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Trey Mancini looks to be ready for another good season

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In one at-bat, Trey Mancini showed he’s still locked in after a wonderous rookie season.

MLB: Spring Training-St. Louis Cardinals at Baltimore Orioles Douglas DeFelice-USA TODAY Sports

I have to say, it’s very frustrating how few Orioles spring training games are televised.

Over the course of an eight hour work day, sometimes you need to get the blood pumping, and watching Anthony Santander hit spring training doubles is the kind of click-on-the-Outlook-tab-so-as-to-hide-what-I’m-doing-on-my-second-monitor sneakiness that I rather enjoy.

So, with the Orioles playing the Yankees on Wednesday, I played the cat and mouse game of Kermit telling me to get back to my damn work, and Darth Kermit conning me back to Nestor Cortes Jr. The force is strong with Darth Kermit.

In the midst of my cunning, Adam Jones showed he has still has plenty of bat speed, smacking back a fastball on the inner-half for an impressive shot to center field. Jonathan Schoop’s mammoth shot to left field made Buck Showalter laugh like he was being tickled. Spring training games are kind of boring, but stuff still happens.

I never had reason to believe that Trey Mancini’s rookie season, a campaign marked by a 117 wRC+ and a .826 OPS, was ever a fluke. Mancini’s presence always felt different because, despite the swings and misses, he always seemed to be a tough guy to put away. In that same exhibition game, Mancini flashed the same traits he carried throughout nearly the entirety of his darling rookie season.

New York’s Chance Adams had just gotten Mancini to chase a 2-0 fastball down for a lazy fly ball out, an at-bat of three straight fastballs. Adams leads off Mancini’s second plate appearance with a really bad slider, and Mancini misses it. But it was an encouraging miss.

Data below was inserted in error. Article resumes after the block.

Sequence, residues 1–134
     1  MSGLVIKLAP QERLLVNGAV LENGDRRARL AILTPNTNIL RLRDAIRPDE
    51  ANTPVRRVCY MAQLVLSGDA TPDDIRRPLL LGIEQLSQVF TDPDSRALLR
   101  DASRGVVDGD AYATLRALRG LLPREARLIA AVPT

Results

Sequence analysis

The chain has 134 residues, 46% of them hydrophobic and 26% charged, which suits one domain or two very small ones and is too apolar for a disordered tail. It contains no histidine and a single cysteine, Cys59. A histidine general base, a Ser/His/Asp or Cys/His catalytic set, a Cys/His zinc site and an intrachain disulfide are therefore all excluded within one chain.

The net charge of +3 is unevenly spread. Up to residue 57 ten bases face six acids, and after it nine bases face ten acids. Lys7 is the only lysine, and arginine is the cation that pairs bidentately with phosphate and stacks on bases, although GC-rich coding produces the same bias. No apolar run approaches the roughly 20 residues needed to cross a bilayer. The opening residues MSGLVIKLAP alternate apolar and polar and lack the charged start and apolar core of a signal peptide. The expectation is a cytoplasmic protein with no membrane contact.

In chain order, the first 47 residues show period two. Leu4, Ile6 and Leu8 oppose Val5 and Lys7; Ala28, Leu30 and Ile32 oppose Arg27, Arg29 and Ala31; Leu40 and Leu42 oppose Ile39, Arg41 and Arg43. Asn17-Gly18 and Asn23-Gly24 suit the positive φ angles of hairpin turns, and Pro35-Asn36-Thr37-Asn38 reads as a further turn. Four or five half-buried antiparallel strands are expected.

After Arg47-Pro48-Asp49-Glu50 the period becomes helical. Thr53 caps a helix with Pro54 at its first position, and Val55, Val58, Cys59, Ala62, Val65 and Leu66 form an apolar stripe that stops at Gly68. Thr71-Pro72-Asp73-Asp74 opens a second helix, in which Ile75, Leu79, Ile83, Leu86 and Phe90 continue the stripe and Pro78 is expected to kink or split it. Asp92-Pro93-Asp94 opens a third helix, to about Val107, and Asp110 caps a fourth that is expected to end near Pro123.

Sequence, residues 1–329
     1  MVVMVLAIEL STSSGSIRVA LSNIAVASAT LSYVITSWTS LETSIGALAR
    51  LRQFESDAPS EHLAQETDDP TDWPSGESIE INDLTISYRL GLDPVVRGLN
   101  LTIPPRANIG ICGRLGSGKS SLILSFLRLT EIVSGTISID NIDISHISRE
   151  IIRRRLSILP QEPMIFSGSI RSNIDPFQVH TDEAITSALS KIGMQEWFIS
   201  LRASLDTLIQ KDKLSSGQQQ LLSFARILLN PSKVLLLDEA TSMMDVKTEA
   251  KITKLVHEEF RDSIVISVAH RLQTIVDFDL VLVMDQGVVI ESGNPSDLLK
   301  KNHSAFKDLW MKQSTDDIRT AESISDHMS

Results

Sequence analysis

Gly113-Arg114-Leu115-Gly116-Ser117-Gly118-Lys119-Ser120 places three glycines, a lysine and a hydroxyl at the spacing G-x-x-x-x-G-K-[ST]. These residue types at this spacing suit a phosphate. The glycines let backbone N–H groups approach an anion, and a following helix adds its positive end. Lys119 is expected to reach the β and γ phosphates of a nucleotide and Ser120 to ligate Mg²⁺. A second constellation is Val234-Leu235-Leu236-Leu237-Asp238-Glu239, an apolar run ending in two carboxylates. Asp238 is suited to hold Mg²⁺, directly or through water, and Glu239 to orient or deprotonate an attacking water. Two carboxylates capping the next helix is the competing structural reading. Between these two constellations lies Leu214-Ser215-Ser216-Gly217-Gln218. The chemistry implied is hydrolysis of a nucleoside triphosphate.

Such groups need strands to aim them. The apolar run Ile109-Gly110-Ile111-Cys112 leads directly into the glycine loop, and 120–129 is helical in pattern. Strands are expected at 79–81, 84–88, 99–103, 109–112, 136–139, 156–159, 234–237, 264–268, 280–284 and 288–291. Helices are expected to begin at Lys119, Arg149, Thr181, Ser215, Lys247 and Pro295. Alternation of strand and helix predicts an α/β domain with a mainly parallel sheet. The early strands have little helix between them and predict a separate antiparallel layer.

Either Mancini was trying to push the ball to right field for an easy RBI, or he was caught in between a hanging slider. For no particular reason, my gut tells me Mancini was probably aiming for the former, because that’s the kind of guy that he is.

He then gets another fastball towards his hands, and again fouls it off to the right side. The swing was probably both a little bit of wanting to go to right field and just flat-out getting beat, but nevertheless, Mancini was quickly down 0-2.

Adams attacks with a wild slider down and away, which eventually trickles halfway to the Orioles dugout. Tim Beckham pressed his luck and was thrown out after trying to steal home, forcing Mancini to hit with two outs rather than one. But Mancini is a fighter. For a guy that owned a 34.9 percent chase rate and a whiff rate among the likes of Mark Trumbo and Jonathan Schoop, he still manages to do enough around the strike zone.

Much of Mancini’s rookie season was made possible because of his willingness to go to right field. Among the Orioles, only Adam Jones found right field more often than Mancini, and given the 25-year-old’s 37.5 %/35.3 %/27.2 % distribution to left field/center field/right field was emphatically the most balanced of the Orioles regulars. He has a very natural opposite field swing, allowing him to see a 90 mph fastball to its conclusion before fighting off a potential whiff pitch.

Mancini then watches a fastball down and away that wasn’t, but very well could have been called a strike. After a pretty decent pitch sequence, Adams goes back to the slider, aiming for the down and away quadrant. He misses ever so slightly, and Mancini punishes a subtle mistake.

Adams doesn’t make a terrible pitch, but Mancini isn’t like Mark Trumbo or Chris Davis. They’re less equipped and much less capable of staying with a slider or anything offspeed such as this. More often than not, you’ll see the two swing over the top for a swing and miss. Instead, Mancini continues to prove that he is hardly ever out of rhythm with his leg kick, and his hands never stray too far out of the load position. It always seems that the barrel of Mancini’s bat finds the baseball, a trait of his that shouldn’t go unnoticed.

Spring training often doesn’t mean much, because it feels just a bit too empty at times. The atmosphere of it is commonly too meaningless. But seeing Trey Mancini carry the same tools of his surprising breakout into a new year, the same advanced tools that good hitters have, makes the covert baseball-watching worth the risk.